Self Practice classes offer you individual tuition within a group class setting.

Often referred to as 'Mysore-Style' this class is suitable for those just starting out on their yoga journey to those with an established self practice. The teacher offers you poses from the primary series of Ashtanga Yoga, beginning with sun salutations, then a standing sequence, seated poses and 'finishing' postures.

Michelle Nixon (covering for Maureen Thorpe Wednesdays) Wednesdays & Fridays 6-8am

BOOK YOUR CLASS HERE single/class pass options

Ashtanga Vinyasa Self Practice is a yoga method devised by Sri K Patthabi Jois based on traditional yoga teachings and is an ideal practice not only intermediate and advanced practitioners but also for the beginner. You are given a set of postures to practice at your own pace to allow for a natural development of your postures, breathing and mental clarity. The teacher is there to individually guide and assist you throughout the class. You have the opportunity to stay for the whole 2 hours or choose a length of time within 6-8am that suits you.

The following text is extracted from KPJAYI, MYSORE:

Vinyasa means breathing and movement system. For each movement, there is one breath. For example, in Surya Namskar there are nine vinyasas. The first vinyasa is inhaling while raising your arms over your head, and putting your hands together; the second is exhaling while bending forward, placing your hands next to your feet, etc.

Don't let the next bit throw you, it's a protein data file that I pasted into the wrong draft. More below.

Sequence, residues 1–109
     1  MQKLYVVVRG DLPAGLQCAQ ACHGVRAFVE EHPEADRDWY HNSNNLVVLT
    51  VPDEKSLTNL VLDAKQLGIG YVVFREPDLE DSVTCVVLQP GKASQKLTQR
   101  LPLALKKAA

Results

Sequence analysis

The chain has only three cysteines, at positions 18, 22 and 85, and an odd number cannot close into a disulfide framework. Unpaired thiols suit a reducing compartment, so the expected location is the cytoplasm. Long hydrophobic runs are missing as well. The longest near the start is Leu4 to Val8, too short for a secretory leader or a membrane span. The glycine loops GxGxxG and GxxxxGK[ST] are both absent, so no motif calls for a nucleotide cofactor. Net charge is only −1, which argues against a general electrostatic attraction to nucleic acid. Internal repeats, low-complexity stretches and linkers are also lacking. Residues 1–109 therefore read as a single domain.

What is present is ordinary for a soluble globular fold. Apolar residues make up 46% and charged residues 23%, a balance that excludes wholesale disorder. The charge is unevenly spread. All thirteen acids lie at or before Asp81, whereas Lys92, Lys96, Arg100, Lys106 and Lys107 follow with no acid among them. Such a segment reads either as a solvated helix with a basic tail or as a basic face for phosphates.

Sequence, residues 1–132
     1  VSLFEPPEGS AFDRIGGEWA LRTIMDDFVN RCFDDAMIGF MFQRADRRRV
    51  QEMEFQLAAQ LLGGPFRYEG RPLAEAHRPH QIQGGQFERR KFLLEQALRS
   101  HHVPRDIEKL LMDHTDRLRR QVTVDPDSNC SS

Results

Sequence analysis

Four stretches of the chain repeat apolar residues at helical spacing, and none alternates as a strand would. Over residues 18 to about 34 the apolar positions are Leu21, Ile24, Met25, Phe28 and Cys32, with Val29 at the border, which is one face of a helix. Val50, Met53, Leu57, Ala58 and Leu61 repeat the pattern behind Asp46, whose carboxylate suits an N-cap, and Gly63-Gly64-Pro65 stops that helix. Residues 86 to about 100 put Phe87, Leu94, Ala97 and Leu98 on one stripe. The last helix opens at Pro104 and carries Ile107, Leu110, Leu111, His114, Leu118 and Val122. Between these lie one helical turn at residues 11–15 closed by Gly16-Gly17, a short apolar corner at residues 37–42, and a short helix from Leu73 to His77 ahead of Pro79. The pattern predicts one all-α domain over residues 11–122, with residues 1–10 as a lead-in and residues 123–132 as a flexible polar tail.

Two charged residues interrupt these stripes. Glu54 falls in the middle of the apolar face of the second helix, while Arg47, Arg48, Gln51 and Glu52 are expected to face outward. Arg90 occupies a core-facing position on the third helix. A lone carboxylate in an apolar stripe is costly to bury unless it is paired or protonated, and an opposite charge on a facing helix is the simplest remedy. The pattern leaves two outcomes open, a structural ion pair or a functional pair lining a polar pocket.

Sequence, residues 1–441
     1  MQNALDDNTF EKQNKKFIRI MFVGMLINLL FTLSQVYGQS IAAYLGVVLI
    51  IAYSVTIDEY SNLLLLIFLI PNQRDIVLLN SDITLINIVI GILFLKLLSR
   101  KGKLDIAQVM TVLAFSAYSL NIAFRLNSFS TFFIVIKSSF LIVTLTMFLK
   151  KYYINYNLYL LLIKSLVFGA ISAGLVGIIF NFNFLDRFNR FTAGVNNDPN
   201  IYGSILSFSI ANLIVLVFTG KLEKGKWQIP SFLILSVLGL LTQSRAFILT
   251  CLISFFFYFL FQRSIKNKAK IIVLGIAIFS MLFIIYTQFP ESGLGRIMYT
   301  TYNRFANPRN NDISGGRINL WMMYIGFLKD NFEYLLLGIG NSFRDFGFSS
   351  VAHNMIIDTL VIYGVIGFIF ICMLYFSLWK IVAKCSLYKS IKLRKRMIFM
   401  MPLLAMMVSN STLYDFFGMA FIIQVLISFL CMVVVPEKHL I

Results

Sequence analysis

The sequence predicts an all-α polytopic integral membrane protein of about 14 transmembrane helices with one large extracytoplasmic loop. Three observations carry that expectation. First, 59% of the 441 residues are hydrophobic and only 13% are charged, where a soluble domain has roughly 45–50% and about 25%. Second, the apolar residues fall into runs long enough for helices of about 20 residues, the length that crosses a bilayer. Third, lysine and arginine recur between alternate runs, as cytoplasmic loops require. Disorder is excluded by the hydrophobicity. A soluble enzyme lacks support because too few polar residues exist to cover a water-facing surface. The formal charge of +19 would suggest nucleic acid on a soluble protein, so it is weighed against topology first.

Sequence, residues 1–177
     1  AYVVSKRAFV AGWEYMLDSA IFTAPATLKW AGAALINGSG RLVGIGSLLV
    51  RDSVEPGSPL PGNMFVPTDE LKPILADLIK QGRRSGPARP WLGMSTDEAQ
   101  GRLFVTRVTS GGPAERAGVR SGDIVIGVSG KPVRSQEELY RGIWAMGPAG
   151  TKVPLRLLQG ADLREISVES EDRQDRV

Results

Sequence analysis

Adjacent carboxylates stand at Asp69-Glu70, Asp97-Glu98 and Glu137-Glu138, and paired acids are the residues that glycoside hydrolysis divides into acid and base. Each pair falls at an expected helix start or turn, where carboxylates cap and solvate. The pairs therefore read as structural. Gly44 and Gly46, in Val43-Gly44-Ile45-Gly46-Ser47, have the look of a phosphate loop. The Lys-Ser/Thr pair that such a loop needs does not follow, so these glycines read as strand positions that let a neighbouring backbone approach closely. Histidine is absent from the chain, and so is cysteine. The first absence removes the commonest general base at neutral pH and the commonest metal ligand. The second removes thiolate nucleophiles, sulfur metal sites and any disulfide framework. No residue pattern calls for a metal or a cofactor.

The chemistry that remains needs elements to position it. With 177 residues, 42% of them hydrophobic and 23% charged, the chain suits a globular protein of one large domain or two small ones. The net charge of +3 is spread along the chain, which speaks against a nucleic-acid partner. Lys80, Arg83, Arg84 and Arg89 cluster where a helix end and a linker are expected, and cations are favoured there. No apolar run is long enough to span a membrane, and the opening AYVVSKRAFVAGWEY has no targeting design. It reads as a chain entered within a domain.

There are three places of attention or action: posture, breathing system and looking place. These three are very important for yoga practice, and cover three levels of purification: the body, nervous system and mind. They are always performed in conjunction with each other. Asanas purify, strengthen and give flexibility to the body. Breathing is rechaka and puraka, that means inhale and exhale. Both the inhale and exhale should be steady and even, the length of the inhale should be the same length as the exhale. Breathing in this manner purifies the nervous system. Dristhi is the place where you look while in the asana. There are nine dristhis: the nose, between the eyebrows, navel, thumb, hands, feet, up, right side and left side. Dristhi purifies and stabilises the functioning of the mind.